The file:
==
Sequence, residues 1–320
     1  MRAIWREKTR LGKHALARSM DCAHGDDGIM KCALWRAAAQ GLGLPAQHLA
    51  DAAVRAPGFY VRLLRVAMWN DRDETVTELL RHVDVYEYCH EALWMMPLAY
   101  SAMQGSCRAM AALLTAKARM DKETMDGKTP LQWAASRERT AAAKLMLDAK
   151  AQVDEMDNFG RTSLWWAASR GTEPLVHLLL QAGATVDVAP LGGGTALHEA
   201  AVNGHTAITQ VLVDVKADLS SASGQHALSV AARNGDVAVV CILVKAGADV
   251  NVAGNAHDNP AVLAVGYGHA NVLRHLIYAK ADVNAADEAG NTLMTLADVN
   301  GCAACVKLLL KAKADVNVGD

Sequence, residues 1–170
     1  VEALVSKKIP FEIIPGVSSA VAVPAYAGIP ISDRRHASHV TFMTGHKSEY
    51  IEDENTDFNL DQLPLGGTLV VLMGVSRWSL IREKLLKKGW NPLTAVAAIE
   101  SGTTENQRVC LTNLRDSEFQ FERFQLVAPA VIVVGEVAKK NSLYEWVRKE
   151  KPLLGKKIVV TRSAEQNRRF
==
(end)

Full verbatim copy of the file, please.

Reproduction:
Sequence, residues 1–320
     1  MRAIWREKTR LGKHALARSM DCAHGDDGIM KCALWRAAAQ GLGLPAQHLA
    51  DAAVRAPGFY VRLLRVAMWN DRDETVTELL RHVDVYEYCH EALWMMPLAY
   101  SAMQGSCRAM AALLTAKARM DKETMDGKTP LQWAASRERT AAAKLMLDAK
   151  AQVDEMDNFG RTSLWWAASR GTEPLVHLLL QAGATVDVAP LGGGTALHEA
   201  AVNGHTAITQ VLVDVKADLS SASGQHALSV AARNGDVAVV CILVKAGADV
   251  NVAGNAHDNP AVLAVGYGHA NVLRHLIYAK ADVNAADEAG NTLMTLADVN
   301  GCAACVKLLL KAKADVNVGD

Sequence, residues 1–170
     1  VEALVSKKIP FEIIPGVSSA VAVPAYAGIP ISDRRHASHV TFMTGHKSEY
    51  IEDENTDFNL DQLPLGGTLV VLMGVSRWSL IREKLLKKGW NPLTAVAAIE
   101  SGTTENQRVC LTNLRDSEFQ FERFQLVAPA VIVVGEVAKK NSLYEWVRKE
   151  KPLLGKKIVV TRSAEQNRRF